UW SCHOOL OF SOCIAL WORK
A HISTORY OF LEADERSHIP AND INNOVATION
THROUGH THE DECADES
The Schoolâ&#x20AC;&#x2122;s first home (1934)
The School of Social Work is a nationally recognized leader in social change education, research, and service. Our leadership role in the profession did not happen overnight: For nearly a century, innovation has been at the core of our mission to bring the best in social work science and practice to the most pressing social challenges of our times.
Early years of leadership establish a strong course The first formal social work training in Washington state was offered in 1918 through a UW Department of Sociology course. Funded by the Red Cross, the class trained caseworkers in providing home services to families of servicemen returning from World War I.
Over the next 15 years, the program expanded, becoming a division of the Department of Sociology and offering a full range of social work courses. Several of those instructors would become leading social work educators, including Arlien Johnson, Marion Hathway, and Mildred Mudgett.
Ernest Witte was named director of the School. He expanded the curriculum, adopted a two-year masterâ&#x20AC;&#x2122;s degree program, and offered fieldwork experiences in community planning, juvenile justice, child welfare, and public administration. During World War II, as faculty and students mobilized for the war effort, the Red Cross designated the UW as a key training center, and the School shifted its emphasis from public welfare to war-related services and medical social work. Acting Director Grace Beals Ferguson was an important figure in this transition.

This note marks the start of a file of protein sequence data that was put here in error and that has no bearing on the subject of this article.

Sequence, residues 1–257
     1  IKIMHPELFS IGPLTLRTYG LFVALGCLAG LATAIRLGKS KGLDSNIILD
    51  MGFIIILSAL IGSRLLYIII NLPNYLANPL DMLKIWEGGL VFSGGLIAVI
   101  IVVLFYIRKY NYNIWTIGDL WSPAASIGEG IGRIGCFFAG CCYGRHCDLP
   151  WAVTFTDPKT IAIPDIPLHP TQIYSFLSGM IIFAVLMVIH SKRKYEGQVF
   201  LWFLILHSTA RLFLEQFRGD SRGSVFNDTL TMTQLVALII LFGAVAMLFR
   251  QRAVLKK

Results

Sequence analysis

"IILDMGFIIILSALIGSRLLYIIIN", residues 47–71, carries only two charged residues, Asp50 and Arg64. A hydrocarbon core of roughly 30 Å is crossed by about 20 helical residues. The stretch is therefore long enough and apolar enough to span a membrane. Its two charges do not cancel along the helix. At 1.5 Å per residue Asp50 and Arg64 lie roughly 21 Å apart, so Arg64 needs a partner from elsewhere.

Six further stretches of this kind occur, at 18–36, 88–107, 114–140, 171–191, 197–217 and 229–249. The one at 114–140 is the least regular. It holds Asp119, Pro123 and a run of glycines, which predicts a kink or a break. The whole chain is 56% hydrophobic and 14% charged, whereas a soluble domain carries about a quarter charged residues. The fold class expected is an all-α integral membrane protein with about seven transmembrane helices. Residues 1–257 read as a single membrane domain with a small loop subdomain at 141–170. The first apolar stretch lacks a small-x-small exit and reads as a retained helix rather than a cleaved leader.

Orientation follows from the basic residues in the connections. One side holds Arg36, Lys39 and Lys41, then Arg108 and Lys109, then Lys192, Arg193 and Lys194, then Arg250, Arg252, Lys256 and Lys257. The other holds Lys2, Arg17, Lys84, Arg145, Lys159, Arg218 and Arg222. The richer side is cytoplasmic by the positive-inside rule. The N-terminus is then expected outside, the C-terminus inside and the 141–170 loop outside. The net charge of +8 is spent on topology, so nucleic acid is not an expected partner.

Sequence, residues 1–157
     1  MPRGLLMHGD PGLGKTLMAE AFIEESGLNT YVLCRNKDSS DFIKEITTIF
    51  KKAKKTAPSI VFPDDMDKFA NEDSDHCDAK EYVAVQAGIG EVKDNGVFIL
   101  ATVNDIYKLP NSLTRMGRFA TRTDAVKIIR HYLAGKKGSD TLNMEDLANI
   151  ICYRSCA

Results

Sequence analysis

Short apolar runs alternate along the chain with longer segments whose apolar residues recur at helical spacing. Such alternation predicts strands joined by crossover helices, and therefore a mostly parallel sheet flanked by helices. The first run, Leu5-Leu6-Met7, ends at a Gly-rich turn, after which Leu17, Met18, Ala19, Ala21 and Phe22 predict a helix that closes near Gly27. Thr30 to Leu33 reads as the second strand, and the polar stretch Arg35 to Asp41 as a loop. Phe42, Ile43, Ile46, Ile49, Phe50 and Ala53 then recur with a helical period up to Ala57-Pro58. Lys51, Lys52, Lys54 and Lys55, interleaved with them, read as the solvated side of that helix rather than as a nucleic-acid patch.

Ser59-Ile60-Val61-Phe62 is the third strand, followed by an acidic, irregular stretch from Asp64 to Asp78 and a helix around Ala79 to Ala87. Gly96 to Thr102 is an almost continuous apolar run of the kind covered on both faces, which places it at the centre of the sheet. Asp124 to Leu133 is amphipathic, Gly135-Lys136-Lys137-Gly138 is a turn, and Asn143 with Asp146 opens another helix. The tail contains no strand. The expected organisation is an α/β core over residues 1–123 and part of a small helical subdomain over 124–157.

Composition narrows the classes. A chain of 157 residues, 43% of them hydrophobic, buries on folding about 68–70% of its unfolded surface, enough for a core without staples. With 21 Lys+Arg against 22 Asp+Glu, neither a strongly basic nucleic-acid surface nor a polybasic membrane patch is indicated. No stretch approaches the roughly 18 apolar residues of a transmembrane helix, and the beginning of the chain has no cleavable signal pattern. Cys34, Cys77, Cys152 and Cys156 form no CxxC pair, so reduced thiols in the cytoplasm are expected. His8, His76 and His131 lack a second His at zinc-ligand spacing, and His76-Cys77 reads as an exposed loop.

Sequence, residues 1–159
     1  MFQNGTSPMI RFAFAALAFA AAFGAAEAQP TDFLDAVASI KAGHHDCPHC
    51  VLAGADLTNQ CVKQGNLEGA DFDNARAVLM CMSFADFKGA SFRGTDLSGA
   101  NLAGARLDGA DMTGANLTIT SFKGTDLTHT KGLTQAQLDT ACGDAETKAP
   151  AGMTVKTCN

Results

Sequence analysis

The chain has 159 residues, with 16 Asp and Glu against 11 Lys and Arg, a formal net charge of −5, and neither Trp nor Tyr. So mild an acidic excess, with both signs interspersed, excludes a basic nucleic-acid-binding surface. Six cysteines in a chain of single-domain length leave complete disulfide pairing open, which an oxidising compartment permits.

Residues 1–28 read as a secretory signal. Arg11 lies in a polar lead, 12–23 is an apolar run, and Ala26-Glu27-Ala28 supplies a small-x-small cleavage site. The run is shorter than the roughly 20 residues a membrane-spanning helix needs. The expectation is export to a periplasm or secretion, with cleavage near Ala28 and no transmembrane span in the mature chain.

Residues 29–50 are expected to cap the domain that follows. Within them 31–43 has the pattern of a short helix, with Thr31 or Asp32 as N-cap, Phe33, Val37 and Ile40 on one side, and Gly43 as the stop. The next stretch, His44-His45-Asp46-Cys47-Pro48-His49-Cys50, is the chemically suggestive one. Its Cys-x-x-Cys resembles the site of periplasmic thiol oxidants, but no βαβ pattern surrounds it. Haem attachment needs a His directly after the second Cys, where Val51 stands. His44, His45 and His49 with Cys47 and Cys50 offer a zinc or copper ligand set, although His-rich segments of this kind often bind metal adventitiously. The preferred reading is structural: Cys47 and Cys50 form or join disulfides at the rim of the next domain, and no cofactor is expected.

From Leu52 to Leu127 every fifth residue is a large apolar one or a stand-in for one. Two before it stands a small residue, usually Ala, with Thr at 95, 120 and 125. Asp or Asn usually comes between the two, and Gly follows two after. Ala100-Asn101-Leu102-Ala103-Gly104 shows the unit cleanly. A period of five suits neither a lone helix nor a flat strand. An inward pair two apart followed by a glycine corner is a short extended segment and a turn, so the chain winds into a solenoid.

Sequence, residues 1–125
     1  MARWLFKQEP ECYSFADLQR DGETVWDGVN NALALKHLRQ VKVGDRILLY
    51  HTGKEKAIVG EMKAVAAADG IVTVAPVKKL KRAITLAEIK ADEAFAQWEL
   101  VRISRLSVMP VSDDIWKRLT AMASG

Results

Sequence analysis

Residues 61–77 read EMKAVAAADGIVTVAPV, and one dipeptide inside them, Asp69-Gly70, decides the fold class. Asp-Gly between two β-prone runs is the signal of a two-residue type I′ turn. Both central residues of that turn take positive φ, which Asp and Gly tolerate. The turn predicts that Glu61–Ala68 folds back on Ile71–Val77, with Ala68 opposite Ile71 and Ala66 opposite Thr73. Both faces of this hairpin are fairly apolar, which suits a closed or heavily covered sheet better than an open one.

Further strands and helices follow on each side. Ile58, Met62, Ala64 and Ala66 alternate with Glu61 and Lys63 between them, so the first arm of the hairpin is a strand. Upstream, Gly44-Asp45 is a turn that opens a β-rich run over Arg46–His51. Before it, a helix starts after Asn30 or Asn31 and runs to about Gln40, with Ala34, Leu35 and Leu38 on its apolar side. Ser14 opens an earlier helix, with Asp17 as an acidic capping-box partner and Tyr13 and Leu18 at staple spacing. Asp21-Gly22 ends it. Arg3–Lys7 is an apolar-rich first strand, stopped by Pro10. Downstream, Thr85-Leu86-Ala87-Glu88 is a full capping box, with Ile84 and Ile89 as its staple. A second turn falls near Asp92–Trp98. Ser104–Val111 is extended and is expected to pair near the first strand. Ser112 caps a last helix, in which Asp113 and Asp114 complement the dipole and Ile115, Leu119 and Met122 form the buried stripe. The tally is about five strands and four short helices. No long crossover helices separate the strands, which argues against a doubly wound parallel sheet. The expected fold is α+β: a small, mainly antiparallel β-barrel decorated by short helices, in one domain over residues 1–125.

By 1934, at the height of the Great Depression, the state unemployment rate hit 26 percent. Responding to the critical need for public agency social workers and administrators, the UW established a graduate School of Social Work with funding from the Washington State Emergency Relief Association. Arlien Johnson was selected to direct the program. In 1935, the School became an independent graduate program, and within three years, more than half of the county welfare administrators were former students at the School. In 1939,
Shantytown for the homeless, Seattle (1937)
National prominence grows after World War II After World War II, the School established social work departments in leading Seattlearea hospitals. In 1951, Victor Howery became director, with a mandate to refocus the School, rebuild connections with local welfare agencies and national organizations, and build a stronger research base. As enrollment grew, a Spokane branch program opened and the School became a regional leader in social work education. In 1955, the School moved into Social Work Hall—its first dedicated building— and in 1958 it was designated as an independent professional school. Howery was named its first dean. Several faculty members with doctoral degrees were recruited, including Henry Maier, Florence Stier, and Cal Takagi. An undergraduate program was established in 1959. By 1960, the School had become the eighth-largest social work school in the nation. The Spokane program—a precursor to the social work program at Eastern Washington University—trained 125 master’s-level graduates during the next decade. Charles Brink assumed the deanship in 1963, continuing an Henry Maier era of expansion and increased national prominence. The School established the Center for Social Welfare Research and became the first social work school in the country to offer a specialization in aging. Faculty diversity and doctoral credentials increased.